I spoke at the HEFCE Annual Meeting yesterday about the ways in which universities and colleges are working to widen participation and support student success, and particularly the need to demonstrate the impact of this work.  

In his influential report on higher education, Lionel Robbins said that:

‘courses of HE should be available to all who are qualified by ability and attainment to pursue them and who wish to do so’.

Due to the 50th anniversary of the Robbins report last year, a number of politicians and commentators have highlighted the continuing resonance of this principle: as Robbins himself said: ‘on the general principle as we have stated it, we hope there will be little dispute’.

Fifty years on, we have a couple of million, rather than a couple of hundred thousand, students, and although the availability of courses is important, we are more concerned with opportunity than availability.  This is a more dynamic concept.  It’s concerned with universities and colleges working actively to widen participation to their courses and supporting students to succeed, both through their studies and their progress in the world beyond.  In the context of social mobility, which is the lens through which this activity is now commonly viewed, the outcomes from higher education have become an increasingly crucial focus.

Universities and colleges have their own imperatives in this area.  They want to recruit students with the greatest potential and their standing rests on their ability to ensure these students succeed.  This work has also, though, been fuelled by considerable public funding from HEFCE over more than a decade, and that is now supplemented by the investments institutions make through their access agreements.

But what do we know about the impact of this investment?

Well, we know that HEFCE funding has changed the culture, ensuring that widening participation has become entrenched within university missions.  In the words of one senior manager, ‘it was only once we had the HEFCE funding that we were able to do what the institution had a commitment to doing’.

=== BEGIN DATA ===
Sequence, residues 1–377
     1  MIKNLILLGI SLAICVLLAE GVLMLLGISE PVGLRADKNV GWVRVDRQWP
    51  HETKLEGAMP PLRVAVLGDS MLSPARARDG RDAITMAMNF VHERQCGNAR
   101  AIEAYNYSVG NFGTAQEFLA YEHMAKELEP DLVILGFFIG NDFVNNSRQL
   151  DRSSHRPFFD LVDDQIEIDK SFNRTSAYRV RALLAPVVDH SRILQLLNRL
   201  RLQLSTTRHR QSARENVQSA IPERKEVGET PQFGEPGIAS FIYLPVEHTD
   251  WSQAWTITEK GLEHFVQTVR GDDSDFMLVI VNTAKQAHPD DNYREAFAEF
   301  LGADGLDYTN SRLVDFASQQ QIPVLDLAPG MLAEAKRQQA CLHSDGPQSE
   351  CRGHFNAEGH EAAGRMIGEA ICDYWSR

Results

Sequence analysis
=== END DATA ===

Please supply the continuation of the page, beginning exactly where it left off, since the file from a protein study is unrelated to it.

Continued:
Alongside this, we know that the rate of participation by students from the lowest participation neighbourhoods has increased by around 50 per cent over ten years.  We also know that the sector has managed to improve retention – a considerable achievement and distinctive internationally – during the same period, and there is little sign that the increase in tuition fees will halt this.

We also, however, know that the gap between the lowest and highest participation neighbourhoods remains high.  You are still three times more likely to enter higher education if you come from a high than a low participation background.  This is clear from the graph below.

We are also developing an increasingly sophisticated understanding of the outcomes achieved by students from different backgrounds, in terms of their retention in higher education, their level of attainment, whether or not they gain employment or progress to further study, and whether their employment can be considered a ‘graduate job’.

This presents a worrying picture.  For example, as the chart below shows, there is a clear correlation between the achievement of the outcomes listed above and a student’s background, even once factors such as entry qualification have been taken into account.

If a similar approach is applied to ethnicity, there is more variation, but a striking difference, for example, between the outcomes achieved by white and black students.

Fortunately, just as we are gathering better evidence, we are identifying effective practice.  At the HEFCE Annual Meeting, I highlighted Queen Mary’s in-depth relationships with schools, Derby’s use of a recipe card of interventions to improve attainment and Brunel’s professional mentoring scheme.  I could, though, have highlighted similar initiatives in universities and colleges throughout the country.  The common features of each example were that they were evidence-based, with regard to identifying both the problem and the response, they were resource-intensive, requiring significant commitment by the institutions, but they produced clear results, in terms of academic standing and progress into work.

HEFCE will aim to continue to provide Student Opportunity funding in a manner that is flexible enough for institutions to work with their particular student and local constituencies.  We will also, though, need more forensically to focus on activities for which there is clear evidence that they make a difference, for example due to the level of innovation, the degree of collaboration between institutions and, crucially, the evidence on their outcomes for students, society and the economy.

We are working with leading economists and a group of pilot institutions to develop a new approach to understanding the benefits of our investment in this area.  We look forward to sharing this more widely during the coming year.